#68 Cuts Can Get Infected
When an injury breaks the skin, the best initial defense against infection is to clean the area. For minor wounds, wash the area with soap and water. Most soaps are effective in removing harmful bacteria. You do not need to wash wounds that need medical attention because they involve more extensive tissue damage or bleeding. It is more important to control the bleeding.
Because infected wounds can cause serious medical problems, it is important to keep an up-to-date record of immunizations. These immunizations help your body fight infection. One of these immunizations prevents tetanus, a serious disease. The best way to prevent tetanus is to receive a booster shot every 5 to 10 years or whenever a wound is contaminated by a dirty object, such as a rusty nail.
Sometimes, even the best care for a soft tissue injury is not enough to prevent infection. You will usually be able to recognize the early signals of infection. The area around the wound becomes swollen and red. The area may feel warm or throb with pain. Some wounds discharge pus. Serious infections may cause a person to develop a fever and feel ill. Red streaks may develop that progress from the wound in the direction of the heart.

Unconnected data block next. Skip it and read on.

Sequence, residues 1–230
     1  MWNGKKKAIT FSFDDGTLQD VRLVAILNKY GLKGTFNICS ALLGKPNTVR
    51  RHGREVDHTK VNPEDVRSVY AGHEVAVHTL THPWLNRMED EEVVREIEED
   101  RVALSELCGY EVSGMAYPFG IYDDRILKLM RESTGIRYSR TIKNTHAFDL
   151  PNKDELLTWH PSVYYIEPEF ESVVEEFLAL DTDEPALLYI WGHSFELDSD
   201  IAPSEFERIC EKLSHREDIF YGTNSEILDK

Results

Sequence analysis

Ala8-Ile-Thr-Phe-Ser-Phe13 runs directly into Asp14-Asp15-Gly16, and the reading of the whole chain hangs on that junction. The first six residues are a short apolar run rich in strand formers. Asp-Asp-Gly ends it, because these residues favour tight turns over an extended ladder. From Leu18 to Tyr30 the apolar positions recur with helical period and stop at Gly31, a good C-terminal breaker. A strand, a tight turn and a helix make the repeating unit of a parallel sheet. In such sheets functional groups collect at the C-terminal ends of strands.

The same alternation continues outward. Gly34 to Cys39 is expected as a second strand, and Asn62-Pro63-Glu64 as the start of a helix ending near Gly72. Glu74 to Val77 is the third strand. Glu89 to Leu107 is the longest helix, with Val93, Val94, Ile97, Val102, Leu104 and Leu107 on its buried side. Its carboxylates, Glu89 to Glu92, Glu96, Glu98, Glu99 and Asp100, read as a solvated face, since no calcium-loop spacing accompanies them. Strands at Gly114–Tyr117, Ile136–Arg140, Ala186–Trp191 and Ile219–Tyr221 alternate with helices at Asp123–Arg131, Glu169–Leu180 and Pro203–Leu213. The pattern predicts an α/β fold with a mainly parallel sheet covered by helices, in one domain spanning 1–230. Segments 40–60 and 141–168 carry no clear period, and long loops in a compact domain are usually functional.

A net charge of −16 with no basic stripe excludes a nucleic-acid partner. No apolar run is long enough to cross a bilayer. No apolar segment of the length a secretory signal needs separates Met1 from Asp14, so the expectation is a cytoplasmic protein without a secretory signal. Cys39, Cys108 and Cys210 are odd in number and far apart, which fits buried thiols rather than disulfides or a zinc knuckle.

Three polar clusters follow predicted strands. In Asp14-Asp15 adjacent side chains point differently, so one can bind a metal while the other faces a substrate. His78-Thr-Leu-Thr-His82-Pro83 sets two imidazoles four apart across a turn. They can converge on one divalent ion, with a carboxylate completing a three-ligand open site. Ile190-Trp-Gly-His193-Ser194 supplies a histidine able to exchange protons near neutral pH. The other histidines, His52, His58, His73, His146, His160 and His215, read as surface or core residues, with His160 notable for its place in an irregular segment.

If you see any of these signals of infection, care for the wound by keeping the area clean, soaking it in warm water, elevating the affected area, and applying an antibiotic ointment, such as Neosporin. Change coverings over the wound daily. If fever or red streaks develop, the infection is getting worse. If the infection persists or worsens, seek medical help.